Three Days With Lady B and Many Dinosaurs

Lady B came to visit – by herself! A week ago Sunday I met her and her mom at the airport, and after big hugs for her mom (flying on to Oregon), we set out for the train, our first walk of the 15 plus miles we were to walk in the next three days. Lady B let me take her backpack but pulled her roller bag, up stairs and curbs, through crowds, and while holding hands to cross streets (for my sake). She listened to the station announcements, predicted our stop by the route map, and (after placing her ferry ticket for the scanner to read) pulled her bag onto the boat.

Comfortable is the word most coming to mind for her demeanor – even that first day. At ease and brave really – never having been away from home without her parents and never having been to our new house! It’s smaller, but painted red like hers, and full of familiar things. She settled right in.

Relegating the early-rising student to the room upstairs, Lady B and I had a slumber party in the bedroom downstairs. She slept on a blow up air mattress on the floor, cozy with stuffies from here and ones from her suitcase.

We filled the days with reading (an A-Z mystery about London and Windsor Castle), and painting (pottery plates at a cheerful shop on the Winslow Green – hers decorated with a triceratops and mine memorializing the visit with the date and a so-so stegosaurus). On our many walks to and from town, we were always careful to not step on sidewalk cracks (she changed the “break your mother’s back, which bothered both of us, to a zillion other rhyming variations, the best being, “get a pat on the back”).

With summer sunshine every day, we ate lunch in town outside under an umbrella, saw the marina and the historical museum (her request because of various artifacts outside the building) and the art museum (to pick out a stuffed otter for baby brother because “he loves otters,” and take a quick look at the book arts room).

One day we drove to a playground with structures for climbing and pretending, and stopped to visit my young friend and her mom. We borrowed their motherload of Lego bins – two generations worth – perfect for quiet times with Poppa Jim in the afternoon. We mostly ate dinners here – spaghetti, mac and cheese, corn on the cob, a lot of watermelon, and one lousy homemade pizza (my failed attempt, quickly replaced by a burrito).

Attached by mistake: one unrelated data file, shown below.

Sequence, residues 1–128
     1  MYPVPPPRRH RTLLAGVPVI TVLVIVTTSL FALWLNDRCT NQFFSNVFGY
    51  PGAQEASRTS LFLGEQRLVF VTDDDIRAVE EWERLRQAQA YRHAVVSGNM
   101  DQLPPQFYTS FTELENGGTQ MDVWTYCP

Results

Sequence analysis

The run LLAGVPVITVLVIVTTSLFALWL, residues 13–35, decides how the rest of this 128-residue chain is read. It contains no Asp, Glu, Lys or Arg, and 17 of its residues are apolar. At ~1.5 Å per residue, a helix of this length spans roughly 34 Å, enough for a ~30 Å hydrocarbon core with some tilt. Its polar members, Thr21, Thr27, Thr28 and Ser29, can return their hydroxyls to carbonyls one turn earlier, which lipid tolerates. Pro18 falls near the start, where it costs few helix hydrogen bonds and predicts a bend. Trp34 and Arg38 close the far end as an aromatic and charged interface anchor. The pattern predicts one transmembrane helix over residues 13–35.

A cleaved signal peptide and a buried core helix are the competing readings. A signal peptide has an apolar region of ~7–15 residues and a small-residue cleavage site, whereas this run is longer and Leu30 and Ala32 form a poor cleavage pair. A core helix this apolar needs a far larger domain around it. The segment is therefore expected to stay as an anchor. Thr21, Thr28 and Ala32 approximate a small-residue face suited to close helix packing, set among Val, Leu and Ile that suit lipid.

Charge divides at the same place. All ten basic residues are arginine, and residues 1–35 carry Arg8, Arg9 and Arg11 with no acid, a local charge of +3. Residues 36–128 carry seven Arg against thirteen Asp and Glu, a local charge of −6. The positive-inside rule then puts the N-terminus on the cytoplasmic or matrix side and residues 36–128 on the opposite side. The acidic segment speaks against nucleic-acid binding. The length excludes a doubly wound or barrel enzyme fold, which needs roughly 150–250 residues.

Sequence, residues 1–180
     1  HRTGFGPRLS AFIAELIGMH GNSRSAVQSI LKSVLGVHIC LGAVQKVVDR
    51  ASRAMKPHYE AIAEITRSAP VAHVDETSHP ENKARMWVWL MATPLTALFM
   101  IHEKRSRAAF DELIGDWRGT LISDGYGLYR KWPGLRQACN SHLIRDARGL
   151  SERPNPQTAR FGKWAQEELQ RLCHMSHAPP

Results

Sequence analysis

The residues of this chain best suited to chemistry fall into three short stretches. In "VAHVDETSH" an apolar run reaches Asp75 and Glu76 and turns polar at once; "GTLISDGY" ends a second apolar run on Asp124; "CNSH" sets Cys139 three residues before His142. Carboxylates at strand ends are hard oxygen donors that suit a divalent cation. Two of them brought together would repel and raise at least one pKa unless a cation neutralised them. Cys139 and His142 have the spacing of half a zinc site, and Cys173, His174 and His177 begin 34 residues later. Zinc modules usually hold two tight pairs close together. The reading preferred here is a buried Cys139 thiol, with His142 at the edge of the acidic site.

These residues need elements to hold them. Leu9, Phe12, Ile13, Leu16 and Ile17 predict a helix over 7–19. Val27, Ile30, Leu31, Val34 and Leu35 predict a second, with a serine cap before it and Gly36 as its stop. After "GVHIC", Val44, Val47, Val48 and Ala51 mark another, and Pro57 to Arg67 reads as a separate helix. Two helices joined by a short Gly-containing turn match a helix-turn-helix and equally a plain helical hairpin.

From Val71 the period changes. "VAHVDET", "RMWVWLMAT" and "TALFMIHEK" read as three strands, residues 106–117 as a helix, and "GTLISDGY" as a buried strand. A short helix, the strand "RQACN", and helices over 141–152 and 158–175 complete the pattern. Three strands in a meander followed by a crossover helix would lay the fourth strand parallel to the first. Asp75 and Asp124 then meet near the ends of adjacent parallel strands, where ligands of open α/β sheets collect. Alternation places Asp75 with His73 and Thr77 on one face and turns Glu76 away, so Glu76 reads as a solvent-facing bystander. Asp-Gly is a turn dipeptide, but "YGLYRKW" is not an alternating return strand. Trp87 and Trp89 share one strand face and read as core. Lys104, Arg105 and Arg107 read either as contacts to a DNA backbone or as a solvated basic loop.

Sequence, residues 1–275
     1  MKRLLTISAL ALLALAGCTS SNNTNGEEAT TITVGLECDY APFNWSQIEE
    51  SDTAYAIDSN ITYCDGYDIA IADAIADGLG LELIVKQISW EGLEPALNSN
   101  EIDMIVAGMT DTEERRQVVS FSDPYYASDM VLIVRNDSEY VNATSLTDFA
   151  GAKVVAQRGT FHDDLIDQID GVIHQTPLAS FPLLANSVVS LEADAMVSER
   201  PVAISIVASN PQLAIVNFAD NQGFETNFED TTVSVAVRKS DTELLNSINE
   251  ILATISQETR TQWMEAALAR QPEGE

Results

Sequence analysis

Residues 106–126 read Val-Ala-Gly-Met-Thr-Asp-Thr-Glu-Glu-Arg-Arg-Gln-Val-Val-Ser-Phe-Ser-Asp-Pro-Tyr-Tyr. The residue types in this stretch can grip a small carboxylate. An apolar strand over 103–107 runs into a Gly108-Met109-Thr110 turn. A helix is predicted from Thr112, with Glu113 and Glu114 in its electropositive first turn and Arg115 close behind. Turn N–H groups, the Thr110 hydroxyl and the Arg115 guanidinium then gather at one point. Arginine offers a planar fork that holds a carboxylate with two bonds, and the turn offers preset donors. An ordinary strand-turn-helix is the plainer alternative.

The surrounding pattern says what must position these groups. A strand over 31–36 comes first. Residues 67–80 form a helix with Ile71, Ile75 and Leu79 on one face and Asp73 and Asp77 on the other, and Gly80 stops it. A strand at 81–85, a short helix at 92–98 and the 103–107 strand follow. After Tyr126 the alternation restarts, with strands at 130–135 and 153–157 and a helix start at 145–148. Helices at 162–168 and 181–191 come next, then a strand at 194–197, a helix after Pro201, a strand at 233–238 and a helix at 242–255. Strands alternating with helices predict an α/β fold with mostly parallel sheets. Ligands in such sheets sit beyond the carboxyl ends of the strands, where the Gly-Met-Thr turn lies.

The highlight? A Seattle day to visit the Burke Museum on the UW campus. We walked to the ferry (I was in awe of Lady B’s walking with nary a complaint – 6.2 miles this day), rode the light rail to the U, walked across campus to the museum, and met Poppa Jim after his class. We sat on the Quad beneath huge trees, ate sandwiches, grapes, and chips, and watched groups of potential students on campus tours. (We overheard one of the tour leaders declare the most popular class at UW to be “Dinosaurs.”)

Last summer in Montana, paleontologists from the Burke Museum discovered the remarkably well-preserved head of a Tyrannosaurus Rex. The staff works on it now (behind a glass window) removing the surrounding sandstone and rock and reconnecting displaced parts to get it ready for display. We were thrilled to be able to enter the room and talk to the head preparator. He told us the texture of the fossil is “classic T. Rex skin” (textured and leathery looking). We peered up its nostril, examined teeth and eye sockets, and learned you can tell the sex of a dinosaur – sometimes.

We explored the rest of the museum, and as we headed back across campus to the train, I asked Lady B why she liked dinosaurs so much. The answer came quickly, “because they are really old and dead but it’s not sad, and they’re interesting!” We got off the train near the Pike Place Market to watch the fish guys toss a salmon, take a photo of Lady B sitting on the giant brass pig, and best of all, get gelato! We walked along First Avenue in the warm shade past Hammering Man, eating our delicious gelato, and speaking of dinosaurs, friends, and super heroes.

It’s always been companionable to be with Lady B, she’s an observer and a good sport, she’s inquisitive and plucky – a fine traveling mate. My painter friend said Lady B made a lot of good memories – I hope so – I know how many she made for me as we walked the routes I take every day, now enriched by her comments and her laugh.